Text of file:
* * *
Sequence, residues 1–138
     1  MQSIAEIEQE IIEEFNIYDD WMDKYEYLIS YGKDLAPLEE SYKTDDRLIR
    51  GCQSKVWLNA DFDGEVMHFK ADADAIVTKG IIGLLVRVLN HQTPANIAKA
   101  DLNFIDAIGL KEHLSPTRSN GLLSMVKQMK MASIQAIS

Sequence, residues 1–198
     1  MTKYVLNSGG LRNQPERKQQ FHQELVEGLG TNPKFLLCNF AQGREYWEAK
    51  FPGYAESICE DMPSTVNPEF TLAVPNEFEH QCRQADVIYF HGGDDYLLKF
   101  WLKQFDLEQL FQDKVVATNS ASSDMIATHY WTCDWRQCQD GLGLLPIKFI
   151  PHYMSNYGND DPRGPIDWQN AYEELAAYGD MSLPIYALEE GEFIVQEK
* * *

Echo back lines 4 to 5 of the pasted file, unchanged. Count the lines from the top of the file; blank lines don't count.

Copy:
   101  DLNFIDAIGL KEHLSPTRSN GLLSMVKQMK MASIQAIS

Sequence, residues 1–198